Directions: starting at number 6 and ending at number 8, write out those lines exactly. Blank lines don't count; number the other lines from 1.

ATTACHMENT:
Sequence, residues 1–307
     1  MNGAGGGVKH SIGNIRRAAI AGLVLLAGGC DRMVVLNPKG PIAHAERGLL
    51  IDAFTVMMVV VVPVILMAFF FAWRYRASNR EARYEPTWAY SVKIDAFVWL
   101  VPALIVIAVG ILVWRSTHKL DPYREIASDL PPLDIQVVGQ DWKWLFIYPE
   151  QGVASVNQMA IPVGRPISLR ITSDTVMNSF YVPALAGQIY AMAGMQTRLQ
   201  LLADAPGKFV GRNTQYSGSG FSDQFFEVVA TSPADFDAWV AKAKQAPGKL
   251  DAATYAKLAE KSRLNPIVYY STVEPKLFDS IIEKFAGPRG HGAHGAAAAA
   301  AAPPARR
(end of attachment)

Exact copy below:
   201  LLADAPGKFV GRNTQYSGSG FSDQFFEVVA TSPADFDAWV AKAKQAPGKL
   251  DAATYAKLAE KSRLNPIVYY STVEPKLFDS IIEKFAGPRG HGAHGAAAAA
   301  AAPPARR